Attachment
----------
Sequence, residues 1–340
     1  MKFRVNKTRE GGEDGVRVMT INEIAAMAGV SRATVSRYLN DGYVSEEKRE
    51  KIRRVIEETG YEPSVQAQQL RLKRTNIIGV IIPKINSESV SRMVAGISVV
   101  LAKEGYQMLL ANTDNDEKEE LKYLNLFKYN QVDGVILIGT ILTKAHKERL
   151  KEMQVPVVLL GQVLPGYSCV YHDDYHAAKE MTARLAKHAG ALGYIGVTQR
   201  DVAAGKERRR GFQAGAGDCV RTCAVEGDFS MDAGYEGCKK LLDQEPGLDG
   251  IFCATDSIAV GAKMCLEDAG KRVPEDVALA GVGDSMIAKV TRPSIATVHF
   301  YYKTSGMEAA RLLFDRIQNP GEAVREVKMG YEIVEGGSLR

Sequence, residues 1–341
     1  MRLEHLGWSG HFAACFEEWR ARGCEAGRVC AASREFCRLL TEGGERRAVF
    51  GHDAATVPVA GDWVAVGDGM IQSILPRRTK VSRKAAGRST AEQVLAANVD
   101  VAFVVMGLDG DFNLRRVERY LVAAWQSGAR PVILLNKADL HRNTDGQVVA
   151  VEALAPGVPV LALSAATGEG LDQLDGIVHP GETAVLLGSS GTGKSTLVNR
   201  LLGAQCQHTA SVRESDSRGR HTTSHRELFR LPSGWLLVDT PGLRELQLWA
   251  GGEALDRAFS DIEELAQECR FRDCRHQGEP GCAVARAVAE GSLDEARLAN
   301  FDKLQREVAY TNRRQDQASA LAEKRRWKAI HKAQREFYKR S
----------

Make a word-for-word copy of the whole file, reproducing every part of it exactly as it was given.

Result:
Sequence, residues 1–340
     1  MKFRVNKTRE GGEDGVRVMT INEIAAMAGV SRATVSRYLN DGYVSEEKRE
    51  KIRRVIEETG YEPSVQAQQL RLKRTNIIGV IIPKINSESV SRMVAGISVV
   101  LAKEGYQMLL ANTDNDEKEE LKYLNLFKYN QVDGVILIGT ILTKAHKERL
   151  KEMQVPVVLL GQVLPGYSCV YHDDYHAAKE MTARLAKHAG ALGYIGVTQR
   201  DVAAGKERRR GFQAGAGDCV RTCAVEGDFS MDAGYEGCKK LLDQEPGLDG
   251  IFCATDSIAV GAKMCLEDAG KRVPEDVALA GVGDSMIAKV TRPSIATVHF
   301  YYKTSGMEAA RLLFDRIQNP GEAVREVKMG YEIVEGGSLR

Sequence, residues 1–341
     1  MRLEHLGWSG HFAACFEEWR ARGCEAGRVC AASREFCRLL TEGGERRAVF
    51  GHDAATVPVA GDWVAVGDGM IQSILPRRTK VSRKAAGRST AEQVLAANVD
   101  VAFVVMGLDG DFNLRRVERY LVAAWQSGAR PVILLNKADL HRNTDGQVVA
   151  VEALAPGVPV LALSAATGEG LDQLDGIVHP GETAVLLGSS GTGKSTLVNR
   201  LLGAQCQHTA SVRESDSRGR HTTSHRELFR LPSGWLLVDT PGLRELQLWA
   251  GGEALDRAFS DIEELAQECR FRDCRHQGEP GCAVARAVAE GSLDEARLAN
   301  FDKLQREVAY TNRRQDQASA LAEKRRWKAI HKAQREFYKR S